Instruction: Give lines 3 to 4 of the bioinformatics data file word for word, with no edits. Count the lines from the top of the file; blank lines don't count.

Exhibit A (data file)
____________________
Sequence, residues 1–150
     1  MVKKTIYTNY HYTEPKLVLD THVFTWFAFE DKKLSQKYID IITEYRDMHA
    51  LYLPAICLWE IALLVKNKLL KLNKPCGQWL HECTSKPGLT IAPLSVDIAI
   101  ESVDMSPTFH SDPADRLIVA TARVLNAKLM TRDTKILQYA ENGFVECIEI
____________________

    51  LYLPAICLWE IALLVKNKLL KLNKPCGQWL HECTSKPGLT IAPLSVDIAI
   101  ESVDMSPTFH SDPADRLIVA TARVLNAKLM TRDTKILQYA ENGFVECIEI